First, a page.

Throughout my life I have had to deal with public ridicule. Laughing, staring, rude remarks; you name it. As much as I can say that I don’t let it get to me, it hurts like hell and sometimes it does cut deep. Recently, at work, I have found myself in several situations where I am being laughed at or someone makes a remark about me being a midget. God, I hate that word with a fiery, burning passion. What I can say is that kids are a lot easier to deal with than adults.
On Wednesday I had a patient, maybe eight years old who asked me if I was a midget. I told him that I didn’t like that word and that I was a little person. He simply nodded his head and said ok. Then he looked at me and says, “Well you’re a beautiful little person.” Obviously that made me smile. That’s the wonderful thing about kids; they speak their minds but are always open to new ideas and criticism. So much easier to deal with than adults.
Friday rolls around and it had been a wonderful day on the floor. Busy, but I was in great company. 5:30 hits and chaos rolls in. Right before change of shift I got an admission. Taking it on with a smile, I strolled into the patients room to get their vital signs and see how I could accommodate their needs. As soon as I walked in the door I was met by laughter and facial expressions that read, “who the fuck are you.” Happy Friday indeed. Inside I just wanted to cry, immediately. But for the sake of being in my work environment I kept the smile and continued my work. Each subsequent laugh just pounded me further into the ground. After I was done I walked out of the room shaking and went straight to the bathroom to cry. Fearing I was needed on the floor, I cut my pity party short and went back out only to come face to face with some of the individuals I had just escaped and thus encountered more snickering etc.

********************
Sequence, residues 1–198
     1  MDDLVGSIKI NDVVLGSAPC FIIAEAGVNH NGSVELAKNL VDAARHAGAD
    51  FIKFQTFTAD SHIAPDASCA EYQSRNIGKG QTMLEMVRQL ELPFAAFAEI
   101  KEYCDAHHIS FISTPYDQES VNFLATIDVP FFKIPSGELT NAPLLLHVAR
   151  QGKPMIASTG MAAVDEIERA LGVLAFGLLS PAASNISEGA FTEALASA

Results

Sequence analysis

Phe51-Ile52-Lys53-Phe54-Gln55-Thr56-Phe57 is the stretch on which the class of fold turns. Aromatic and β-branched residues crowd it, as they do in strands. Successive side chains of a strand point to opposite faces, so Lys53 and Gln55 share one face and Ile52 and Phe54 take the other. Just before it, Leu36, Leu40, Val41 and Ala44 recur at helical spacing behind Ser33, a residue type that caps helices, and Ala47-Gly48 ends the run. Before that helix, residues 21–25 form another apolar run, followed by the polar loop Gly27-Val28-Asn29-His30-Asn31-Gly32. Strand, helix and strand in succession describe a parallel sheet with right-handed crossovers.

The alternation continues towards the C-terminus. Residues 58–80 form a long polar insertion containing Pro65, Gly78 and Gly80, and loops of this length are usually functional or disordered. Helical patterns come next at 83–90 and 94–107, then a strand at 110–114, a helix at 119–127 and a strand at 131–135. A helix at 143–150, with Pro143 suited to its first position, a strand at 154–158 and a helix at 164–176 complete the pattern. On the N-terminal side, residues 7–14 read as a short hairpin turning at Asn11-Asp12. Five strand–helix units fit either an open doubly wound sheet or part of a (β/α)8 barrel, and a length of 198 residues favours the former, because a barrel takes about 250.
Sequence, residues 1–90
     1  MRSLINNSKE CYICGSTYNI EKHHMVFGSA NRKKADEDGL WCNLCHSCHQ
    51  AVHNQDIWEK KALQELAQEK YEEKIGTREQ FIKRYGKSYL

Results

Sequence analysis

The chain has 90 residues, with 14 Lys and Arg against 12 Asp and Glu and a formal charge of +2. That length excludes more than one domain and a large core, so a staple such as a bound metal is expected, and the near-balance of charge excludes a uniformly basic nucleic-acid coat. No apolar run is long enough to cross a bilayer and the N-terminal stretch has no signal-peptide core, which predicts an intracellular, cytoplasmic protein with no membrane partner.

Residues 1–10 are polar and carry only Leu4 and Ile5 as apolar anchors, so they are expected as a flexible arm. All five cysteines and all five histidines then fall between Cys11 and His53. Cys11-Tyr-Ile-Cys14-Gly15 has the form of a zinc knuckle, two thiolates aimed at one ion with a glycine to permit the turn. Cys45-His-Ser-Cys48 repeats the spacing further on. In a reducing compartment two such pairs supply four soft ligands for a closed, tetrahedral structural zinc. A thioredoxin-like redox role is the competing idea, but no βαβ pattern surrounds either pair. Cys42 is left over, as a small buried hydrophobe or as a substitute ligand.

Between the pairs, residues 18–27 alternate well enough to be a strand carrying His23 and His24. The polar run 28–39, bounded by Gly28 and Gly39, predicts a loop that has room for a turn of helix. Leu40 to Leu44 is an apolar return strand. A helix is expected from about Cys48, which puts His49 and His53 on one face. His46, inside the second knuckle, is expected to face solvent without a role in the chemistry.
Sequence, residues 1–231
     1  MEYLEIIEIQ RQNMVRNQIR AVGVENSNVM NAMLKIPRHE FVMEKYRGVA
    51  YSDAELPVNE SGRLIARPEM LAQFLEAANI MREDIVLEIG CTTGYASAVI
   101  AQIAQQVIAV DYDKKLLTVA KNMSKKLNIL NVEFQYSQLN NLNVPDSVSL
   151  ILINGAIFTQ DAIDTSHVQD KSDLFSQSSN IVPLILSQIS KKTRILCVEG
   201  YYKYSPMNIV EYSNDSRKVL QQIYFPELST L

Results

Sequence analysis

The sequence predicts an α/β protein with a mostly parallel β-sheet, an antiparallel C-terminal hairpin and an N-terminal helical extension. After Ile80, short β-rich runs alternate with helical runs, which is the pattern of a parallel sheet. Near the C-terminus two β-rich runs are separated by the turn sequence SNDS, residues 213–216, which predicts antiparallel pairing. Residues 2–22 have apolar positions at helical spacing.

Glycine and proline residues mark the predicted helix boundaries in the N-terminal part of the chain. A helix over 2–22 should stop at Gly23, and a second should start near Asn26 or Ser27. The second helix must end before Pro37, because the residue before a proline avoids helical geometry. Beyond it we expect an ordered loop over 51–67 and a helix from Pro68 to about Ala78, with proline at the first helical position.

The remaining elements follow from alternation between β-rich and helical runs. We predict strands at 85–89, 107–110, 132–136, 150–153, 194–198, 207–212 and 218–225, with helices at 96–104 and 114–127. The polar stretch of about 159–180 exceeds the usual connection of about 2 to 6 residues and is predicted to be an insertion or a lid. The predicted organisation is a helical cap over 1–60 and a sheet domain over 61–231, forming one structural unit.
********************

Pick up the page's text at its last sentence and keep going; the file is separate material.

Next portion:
My heart still hurts. As much as I want to ask, “Why me?” The question for me now becomes, “How? How can I send these people blessings and love knowing that it is their lack of knowledge and possible ignorance that is causing my pain?” Sigh. This too is becoming an ongoing process for me. But what I am happy to say is that for the first time ever I found my space in neutrality and joy. Not overly happy and not super sad. On Saturday I was able to just be. At first, it felt very foreign because it was. But then I realized what I was feeling and how awesome it was. Just acknowledging that has allowed my highs and lows to be less extreme and thus allowed me to heal my hurting heart. How wonderful.
Conquering my fear involves staying in this place of neutrality and joy more often, sending blessings and love to those who choose to judge me (knowing that it is them and has nothing to do with me or who I am) and forgiving myself for those times that I forget to give love to the most important person of all, me.
3 thoughts on “It’s Them, Not Me”
We're actually in southern California. My daughter had her lengthening in March at Loma Linda Children's hospital. Here's her blog if you'd like to read up on her journey http://www.amayaxoch.blogspot.com. Thanks for sharing your journey
Thank you 🙂 The encouragement means a lot. Are you still in West Palm Beach? I have a follow-up appointment with Dr. Paley on the 19. Perhaps I will see you in clinic?
So sorry you had such an awful interaction. We've had a few of those as well. But, those moments when you interact with someone kind, accepting like that child makes it better. Thank you for sharing your story. My daughter just had her fixator put on last week and its nice reading the story of someone who's been there, done that. Stay strong! you're beautiful, wether others see it or not.